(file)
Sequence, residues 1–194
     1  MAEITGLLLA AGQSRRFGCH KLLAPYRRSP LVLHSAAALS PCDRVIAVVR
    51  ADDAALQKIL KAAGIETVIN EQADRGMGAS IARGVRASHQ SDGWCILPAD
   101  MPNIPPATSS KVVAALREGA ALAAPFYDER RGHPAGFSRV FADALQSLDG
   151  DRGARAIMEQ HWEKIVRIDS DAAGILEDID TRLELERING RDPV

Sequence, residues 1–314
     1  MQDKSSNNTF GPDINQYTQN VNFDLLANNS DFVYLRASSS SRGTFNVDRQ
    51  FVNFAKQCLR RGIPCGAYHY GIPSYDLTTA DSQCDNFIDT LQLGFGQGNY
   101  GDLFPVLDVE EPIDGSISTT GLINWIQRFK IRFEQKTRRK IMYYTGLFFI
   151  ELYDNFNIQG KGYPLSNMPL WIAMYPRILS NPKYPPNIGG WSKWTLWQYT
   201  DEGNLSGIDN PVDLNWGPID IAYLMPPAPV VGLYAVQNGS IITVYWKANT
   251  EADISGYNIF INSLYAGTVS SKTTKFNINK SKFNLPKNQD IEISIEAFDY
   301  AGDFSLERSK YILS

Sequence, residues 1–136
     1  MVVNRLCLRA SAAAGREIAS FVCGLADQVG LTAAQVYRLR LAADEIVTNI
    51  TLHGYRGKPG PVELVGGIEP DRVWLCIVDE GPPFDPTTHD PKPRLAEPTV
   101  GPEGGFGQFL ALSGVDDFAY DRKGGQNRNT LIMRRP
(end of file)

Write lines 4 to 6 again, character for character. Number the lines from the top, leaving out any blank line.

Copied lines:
   101  MPNIPPATSS KVVAALREGA ALAAPFYDER RGHPAGFSRV FADALQSLDG
   151  DRGARAIMEQ HWEKIVRIDS DAAGILEDID TRLELERING RDPV

Sequence, residues 1–314